Using MyODBC to Connect to
a Remote Database
Importing and Exporting Tables
Importing a Table From the Remote Database
Open the Access database. On the database window (the one with the tabs), select the tables pane. Go to File, then Get External Data. Choose Import from the menu.
In the dialog, select the choice "To an External File or Database." The SaveAs dialog will appear. In the Save as type select box, choose ODBC Databases (). Click Import.
The Import Objects dialog will appear. If the table you wish to import is listed, select it. Click OK.
Access will begin importing the table by querying the remote database through the ODBC connection. This connection can be slow for a large table, so have a cup of coffee while Access does its work.
Exporting a Table to the Remote Database
Open the Access database. On the database window (the one with the tabs), select the tables pane. Select the table to export. Go to File, then Get External Data.
The Export dialog will appear. If the table name is what you want, click OK. The Select Data Source dialog appears. Select the Machine Data Source tab.
We will create a new data source just for your this database. See the previous section on creating a new data source. This will make it easy to connect again to the database. Click New. The Create New Data Source appears. Select User Data Source. Click Next. Select the MySQL driver from the list. Click Next. The panel will display your driver info. Click Finish.
See the previous instructions for setting up the MyODBC driver. The MyODBC driver dialog should appear.
Once the data source has been created, you are back in the Select Data Source dialog. Select the data source you just created from the list. Click OK. That should create a duplicate table on the remote database with all your data. You won't see anything to confirm the data has been transferred. You need to link the table to the remote database.
To link the table, select it in the table pane. Go to File | Get External Data | Link Tables. In the Link dialog, select from the Files of type list ODBC Databases (). The Data Source Dialog will appear. From the Machine Data Source tab, select your alumni database source name again. A series of dialogs will come up. One may ask you what tables you want to link, select the alumni table. Another may ask you what column you want to uniquely identify records, use the record ID column (usually the PRIMARY KEY) if you have one.
Now, a second table will appear in the panel with the same name, but a "world" icon showing that it is remote. You can work with this table like any other, creating a report based on it or a form that you can use to update the remote table.
Caution: It may be necessary to change some of the column names in the table you are going to export. MySQL reserves certain words for its own use. Most of the SQL keywords are reserved. For example UPDATE is a reserved word, so you can't use it as a column name. Except that function names do not clash with table or column names. For example, ABS is a valid column name. I am not completely sure about this and would appreciate any observations you have.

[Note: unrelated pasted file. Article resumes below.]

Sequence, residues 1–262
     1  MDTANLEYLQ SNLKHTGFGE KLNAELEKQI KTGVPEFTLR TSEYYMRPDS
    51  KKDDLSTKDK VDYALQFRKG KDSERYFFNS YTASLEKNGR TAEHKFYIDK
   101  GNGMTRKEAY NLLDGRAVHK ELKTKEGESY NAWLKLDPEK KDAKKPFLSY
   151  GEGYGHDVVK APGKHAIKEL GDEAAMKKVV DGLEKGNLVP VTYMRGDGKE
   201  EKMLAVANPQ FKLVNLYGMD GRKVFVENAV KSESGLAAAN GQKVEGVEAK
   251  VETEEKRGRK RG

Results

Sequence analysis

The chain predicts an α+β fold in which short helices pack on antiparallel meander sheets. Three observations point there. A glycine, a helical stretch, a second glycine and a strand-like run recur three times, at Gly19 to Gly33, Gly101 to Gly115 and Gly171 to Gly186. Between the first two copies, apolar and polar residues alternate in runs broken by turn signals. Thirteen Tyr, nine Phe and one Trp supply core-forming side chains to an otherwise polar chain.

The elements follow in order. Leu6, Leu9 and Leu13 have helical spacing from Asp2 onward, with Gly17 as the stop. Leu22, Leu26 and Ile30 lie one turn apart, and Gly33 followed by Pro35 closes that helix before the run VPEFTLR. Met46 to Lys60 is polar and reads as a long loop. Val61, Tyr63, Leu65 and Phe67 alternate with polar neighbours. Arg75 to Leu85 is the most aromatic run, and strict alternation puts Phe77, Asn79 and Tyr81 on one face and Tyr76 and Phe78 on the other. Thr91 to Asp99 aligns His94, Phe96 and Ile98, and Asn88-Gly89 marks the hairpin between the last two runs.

Open a blank Access database, go to File | Get External Data | Link Tables | Select from files of type ODBC, select Machine Data Sources tab, select your database name from the list, click OK.
A Link Tables dialog should come up. You should see a list of table names. Select the table you wish to link to. Click OK.
A Select Unique Identifier dialog should come up. You should see a list, select the column that you want to represent the primary key (or columns if more than one column is required to uniquely identify a row). Click OK.
You should see a remote table in the Tables tab (the globe indicates a table linked to a remote data source). Open the table, you should see the data in your remote table.
Caution: Microsoft Access2000 has bug affecting the export of tables to the remote database. Table names are not sent in the SQL query when a database is exported. If you just go to File | Export | Select ODBC, choose MyODBC an ODBC error will occur. There is a hotfix available for this bug, thanks to the diligence of the MySQL community and responsiveness of Microsoft. The only word I have on this issue is from user group member who communicated with a member of the Microsoft Jet development team. They replied "We have found the problem with Access 2000 and MySQL/MyODBC. The problem is indeed on the Access side of ODBC, not the driver side. The Jet team has made a fix and will release with the next scheduled update. Thank you for bringing this issue to our attention. Jim Sturms. Access Program Manager." At the time of writing a hotfix was available through Microsoft's beta test program. However, linking to existing tables in the database is unaffected. Someone using Access 97/95 can connect to the database and export the data. Once the tables are online, you should be able to link to the table and modify it as needed.
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